The Oklahoma Eagle Newswire


A team of civil and human rights lawyers filed a lawsuit in the Tulsa County District Court on Tuesday, September 1, 2020 against the City of Tulsa, the Chamber of Commerce and other defendants demanding they repair the public nuisance they created in Greenwood and North Tulsa that started with the 1921 Race Massacre and continues to today. Oklahoma law defines a nuisance as “unlawfully doing an act, or omitting to perform a duty, which act or omission . . . annoys, injures or endangers the comfort, repose, health, or safety of others . . . or . . . [i]n any way renders other persons insecure in life, or in the use of property.”

The lawsuit states that the defendants’ actions and inactions since the Massacre have annoyed, injured and endangered the comfort, health and safety of Black people in Greenwood and North Tulsa. It seeks what is called “abatement” – money and other things to repair Greenwood and North Tulsa neighborhoods and communities.

The lawsuit also says that the City of Tulsa and other defendants have received benefits from retelling the story of the Massacre and Black Wall Street that rightly belong to the plaintiffs and residents of Greenwood and North Tulsa. It makes a demand for the value of those benefits to be placed in a Tulsa Massacre Victims Compensation Fund that will be used to provide various forms of compensation that can repair the injuries done to the plaintiffs and other descendants of those who were killed, injured or lost property in the Massacre as well as residents of the Greenwood and North Tulsa neighborhoods and communities.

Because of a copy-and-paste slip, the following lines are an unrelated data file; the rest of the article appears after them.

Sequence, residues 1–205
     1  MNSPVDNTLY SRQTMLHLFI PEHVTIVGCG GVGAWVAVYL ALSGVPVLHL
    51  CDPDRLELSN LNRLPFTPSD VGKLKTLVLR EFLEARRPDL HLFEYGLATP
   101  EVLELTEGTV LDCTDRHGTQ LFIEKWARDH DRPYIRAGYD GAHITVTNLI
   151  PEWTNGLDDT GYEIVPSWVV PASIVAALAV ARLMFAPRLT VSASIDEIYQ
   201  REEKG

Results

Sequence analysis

Although we decided not to file a class action lawsuit, it is our view Oklahoma law allows this public nuisance claim to benefit all Black people in the Greenwood and North Tulsa neighborhoods and communities affected by the 1921 Massacre and continued nuisance that exists today. As a result, the individuals and entities named as plaintiffs in the filing of this lawsuit are in fact representative of those who were and are injured by the defendants’ conduct.

We have a legal strategy and plan to protect the legal rights of all survivors and those who are descendants of people who were killed, injured or lost property in the Massacre. If you are or believe you are a descecdant of someone who was affected by the Massacre, please contact Jill York at (918) 352-6797 or

We will also hold monthly community meetings (virtual meetings, for now) to share updated and answer questions about the case. If you are interested in signing up for our monthly community meetings, please email.


Damario Solomon-Simmons, Esq., M.Ed.
“Law is my Ministry, Justice is my Passion!”